Untitled – GROWTH Competition Submission


Photo courtesy of Google images



My experiences parenting abandoned kittens had been straightforward for years until I received my latest group. I had always found easy success with the socialization process; I’m very patient so I don’t mind sitting and reading silently as the cats get accustomed to my presence. Typically, kittens will gravitate towards a warm protective figure, and within an hour they have climbed up my shoulder and fallen asleep under my hair. This is why when I received a carrier of four feral strays fresh off the street, frozen in fear and hissing like snakes, I was caught off guard.


Attempting to carry out my usual procedure, I sat across from their open carrier with a book, hoping they would drift out to me. One hour passed. Nothing. Two, three. By then, the sun had set and the kittens were still stubbornly scrunched into one corner of the carrier. This prompted a new approach. I plated their nightly dinner and placed it at an equal distance between me and the carrier. The aroma immediately had them poking their noses out into the open. Then, I began to read aloud. Even at a low volume, my voice sent them flying back into the corner. I changed my tune, speaking slowly and softly to the point where my words were barely decipherable. It took a surprising amount of focus to control my breathing and keep the sound smooth, and the kittens still flinched at any harsh consonants or “s” syllables. Yet the kittens did clear the plate, and they continued to do so as I inched the plate closer to me at every meal. After a week, they were eating on my lap. At this point, I could pet them as they ate, but the moment the food disappeared, they went back to hissing. Progress had plateaued, and my faith in myself was wavering. Only when I was on the precipice of giving up did the first kitten begin to purr at my touch.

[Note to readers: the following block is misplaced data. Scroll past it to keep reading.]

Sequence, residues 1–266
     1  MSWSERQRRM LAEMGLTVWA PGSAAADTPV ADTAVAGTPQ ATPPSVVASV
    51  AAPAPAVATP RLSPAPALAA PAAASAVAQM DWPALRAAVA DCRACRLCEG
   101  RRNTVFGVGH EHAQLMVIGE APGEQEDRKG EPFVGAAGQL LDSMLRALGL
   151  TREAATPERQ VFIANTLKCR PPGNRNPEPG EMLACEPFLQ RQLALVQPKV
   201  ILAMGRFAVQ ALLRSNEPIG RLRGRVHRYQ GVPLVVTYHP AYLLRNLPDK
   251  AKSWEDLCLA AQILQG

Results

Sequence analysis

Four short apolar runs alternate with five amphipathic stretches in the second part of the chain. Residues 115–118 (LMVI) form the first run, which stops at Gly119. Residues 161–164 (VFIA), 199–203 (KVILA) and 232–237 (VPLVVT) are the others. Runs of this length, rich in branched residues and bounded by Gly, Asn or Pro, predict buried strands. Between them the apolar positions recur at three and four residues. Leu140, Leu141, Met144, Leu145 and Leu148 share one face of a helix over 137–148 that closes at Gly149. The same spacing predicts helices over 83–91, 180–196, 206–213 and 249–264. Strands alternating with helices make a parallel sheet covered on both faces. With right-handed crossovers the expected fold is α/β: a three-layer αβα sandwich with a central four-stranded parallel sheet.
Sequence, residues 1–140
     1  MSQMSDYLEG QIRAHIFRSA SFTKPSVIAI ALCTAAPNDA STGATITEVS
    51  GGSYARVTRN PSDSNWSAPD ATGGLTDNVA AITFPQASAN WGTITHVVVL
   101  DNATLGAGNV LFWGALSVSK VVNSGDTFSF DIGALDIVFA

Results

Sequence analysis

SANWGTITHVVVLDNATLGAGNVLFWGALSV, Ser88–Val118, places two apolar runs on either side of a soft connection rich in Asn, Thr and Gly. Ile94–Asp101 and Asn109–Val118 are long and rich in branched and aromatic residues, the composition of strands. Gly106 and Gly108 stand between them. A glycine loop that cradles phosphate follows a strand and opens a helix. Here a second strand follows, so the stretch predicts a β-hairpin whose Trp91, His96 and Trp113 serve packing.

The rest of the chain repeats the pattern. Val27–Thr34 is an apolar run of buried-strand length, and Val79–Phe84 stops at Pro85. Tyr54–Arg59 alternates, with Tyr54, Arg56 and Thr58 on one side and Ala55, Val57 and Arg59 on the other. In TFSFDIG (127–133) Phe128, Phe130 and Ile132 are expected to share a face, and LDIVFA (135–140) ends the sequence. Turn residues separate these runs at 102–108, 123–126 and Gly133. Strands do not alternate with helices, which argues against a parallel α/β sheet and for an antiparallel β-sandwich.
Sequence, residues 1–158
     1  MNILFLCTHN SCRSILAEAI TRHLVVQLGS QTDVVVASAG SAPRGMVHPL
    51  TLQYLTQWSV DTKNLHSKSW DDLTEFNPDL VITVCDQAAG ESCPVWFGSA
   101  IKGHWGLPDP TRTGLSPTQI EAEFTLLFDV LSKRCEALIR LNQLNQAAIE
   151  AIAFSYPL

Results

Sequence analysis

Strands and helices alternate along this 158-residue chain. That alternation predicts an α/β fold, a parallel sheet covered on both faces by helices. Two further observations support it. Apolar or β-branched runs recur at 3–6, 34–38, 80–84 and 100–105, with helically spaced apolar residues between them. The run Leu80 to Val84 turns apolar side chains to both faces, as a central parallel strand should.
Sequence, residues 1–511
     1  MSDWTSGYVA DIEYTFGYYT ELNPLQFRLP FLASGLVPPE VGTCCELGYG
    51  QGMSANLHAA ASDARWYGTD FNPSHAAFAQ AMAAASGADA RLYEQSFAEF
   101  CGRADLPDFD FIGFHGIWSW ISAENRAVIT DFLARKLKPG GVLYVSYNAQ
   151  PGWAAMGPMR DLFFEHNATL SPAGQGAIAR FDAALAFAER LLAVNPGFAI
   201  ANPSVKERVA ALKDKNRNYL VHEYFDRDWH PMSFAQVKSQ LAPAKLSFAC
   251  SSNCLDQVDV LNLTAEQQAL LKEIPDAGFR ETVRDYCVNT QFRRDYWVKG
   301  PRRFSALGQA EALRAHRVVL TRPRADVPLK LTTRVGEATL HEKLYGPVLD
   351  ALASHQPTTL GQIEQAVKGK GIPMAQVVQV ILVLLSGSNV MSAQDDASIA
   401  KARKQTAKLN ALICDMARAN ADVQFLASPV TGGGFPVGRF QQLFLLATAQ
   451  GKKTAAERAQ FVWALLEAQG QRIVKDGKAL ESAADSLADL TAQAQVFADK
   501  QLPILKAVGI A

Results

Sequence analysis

The kittens’ development seemed to accelerate exponentially after this milestone. I was giddy with relief once all four kittens were adopted into safe homes, but I lingered on the way that I had nearly let self doubt ruin their futures. My patience, the virtue that I prided myself on the most, had not been as strong as I thought. The experience reminded me that the acquisition of knowledge is fluid; most of the best lessons emerge only after one overcomes a significant amount of adversity, and mastery of a single skill is impossible when the world is constantly developing. A willingness to be vulnerable by immersing oneself in the present seems to be the key to growing as a learner, and as a human. One can never become complacent in an ever-shifting world. In the end, these four riled up furballs taught me that vulnerability and courage can be one and the same.